Given a set of points on a sphere, how can I implement a higher order low pass filter on them?
At the moment, I am just multiplying the vectors from the input and output set by their weights and summing them, component-wise. While this works well when the angles are small, the filter response isn't right as the angles get larger than 30 degrees. It needs to perfectly compliment the response of a high pass filtered gyroscope, which works with angles, not vectors.
What I'm essentially looking for is an interpolation method for multiple (in my case 8) weighted points on a sphere. The sum of all weights is one. The algorithm needs to be such, that if it were applied to only two vectors $a$ and $b$, with the weights $(1 - t)$ and $(t)$ respectively, a constant rate of change in t would result in a constant angular rate of change in the output. Say, for example we had as our two vectors $a = (1, 0, 0)$ and $b = (0, 1, 0)$, the angle ab is 90 degrees. If we set $t$ to $1/3$, we should expect the result, $c$, to be 30 degrees away from $a$. If we use the standard vector multiplication rules to calculate $c$ as $a*(1 - t) + b*t$, the angle between $a$ and $c$ is closer to 22 degrees. This error gets worse as the angle $ab$ increases. I know that the slerp algorithm exists for just two points, but I need one that works on any number of points.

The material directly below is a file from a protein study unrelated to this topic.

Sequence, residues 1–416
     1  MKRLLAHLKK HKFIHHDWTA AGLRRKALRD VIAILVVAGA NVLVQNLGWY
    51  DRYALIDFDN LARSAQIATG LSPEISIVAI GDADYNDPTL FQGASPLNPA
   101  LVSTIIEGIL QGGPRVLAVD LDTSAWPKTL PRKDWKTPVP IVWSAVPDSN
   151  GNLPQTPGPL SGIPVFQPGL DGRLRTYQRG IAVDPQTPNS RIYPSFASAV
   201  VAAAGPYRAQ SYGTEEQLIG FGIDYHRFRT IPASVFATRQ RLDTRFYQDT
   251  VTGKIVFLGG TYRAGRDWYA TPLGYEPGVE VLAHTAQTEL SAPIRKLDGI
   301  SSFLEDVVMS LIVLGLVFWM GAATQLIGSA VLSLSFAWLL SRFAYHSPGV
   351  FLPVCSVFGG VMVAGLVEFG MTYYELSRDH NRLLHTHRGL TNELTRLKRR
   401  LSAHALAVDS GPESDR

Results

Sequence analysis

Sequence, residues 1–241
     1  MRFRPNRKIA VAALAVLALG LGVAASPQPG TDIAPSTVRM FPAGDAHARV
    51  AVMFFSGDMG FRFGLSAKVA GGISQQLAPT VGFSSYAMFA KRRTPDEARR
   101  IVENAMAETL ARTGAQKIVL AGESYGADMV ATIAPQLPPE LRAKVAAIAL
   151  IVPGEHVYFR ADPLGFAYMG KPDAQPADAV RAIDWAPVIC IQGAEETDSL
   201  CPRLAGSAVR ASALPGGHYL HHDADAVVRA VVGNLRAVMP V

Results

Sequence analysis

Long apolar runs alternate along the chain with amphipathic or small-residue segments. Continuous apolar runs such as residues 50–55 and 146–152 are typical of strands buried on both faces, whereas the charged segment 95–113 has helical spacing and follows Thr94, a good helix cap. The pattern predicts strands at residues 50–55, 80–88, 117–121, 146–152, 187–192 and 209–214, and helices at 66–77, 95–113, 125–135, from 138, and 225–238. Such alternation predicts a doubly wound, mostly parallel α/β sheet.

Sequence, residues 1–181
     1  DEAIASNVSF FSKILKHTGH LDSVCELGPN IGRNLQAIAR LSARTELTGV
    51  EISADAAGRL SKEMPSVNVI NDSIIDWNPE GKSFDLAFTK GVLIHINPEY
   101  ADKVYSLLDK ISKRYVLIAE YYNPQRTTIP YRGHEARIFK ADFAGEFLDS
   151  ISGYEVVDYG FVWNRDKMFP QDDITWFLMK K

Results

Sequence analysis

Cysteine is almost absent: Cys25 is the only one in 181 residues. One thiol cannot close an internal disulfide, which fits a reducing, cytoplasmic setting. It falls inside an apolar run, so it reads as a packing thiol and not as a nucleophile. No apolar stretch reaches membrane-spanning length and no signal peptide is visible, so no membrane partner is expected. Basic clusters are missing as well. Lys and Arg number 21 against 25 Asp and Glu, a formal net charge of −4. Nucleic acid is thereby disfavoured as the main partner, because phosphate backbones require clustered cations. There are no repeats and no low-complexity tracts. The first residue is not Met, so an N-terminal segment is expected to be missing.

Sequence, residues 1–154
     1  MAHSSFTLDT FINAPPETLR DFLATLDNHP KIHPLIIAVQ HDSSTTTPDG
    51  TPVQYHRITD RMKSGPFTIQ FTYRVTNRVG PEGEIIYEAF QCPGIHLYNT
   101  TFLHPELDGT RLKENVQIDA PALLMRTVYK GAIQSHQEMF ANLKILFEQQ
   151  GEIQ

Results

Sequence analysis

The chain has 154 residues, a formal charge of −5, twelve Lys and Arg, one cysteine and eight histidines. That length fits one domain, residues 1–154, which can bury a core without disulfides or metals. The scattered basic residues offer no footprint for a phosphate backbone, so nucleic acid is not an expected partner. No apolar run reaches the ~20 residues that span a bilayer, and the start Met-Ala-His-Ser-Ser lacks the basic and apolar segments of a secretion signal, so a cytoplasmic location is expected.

The problem is that standard linear interpolation between points on a sphere represented as vectors, does not interpolate correctly when you look at the angles.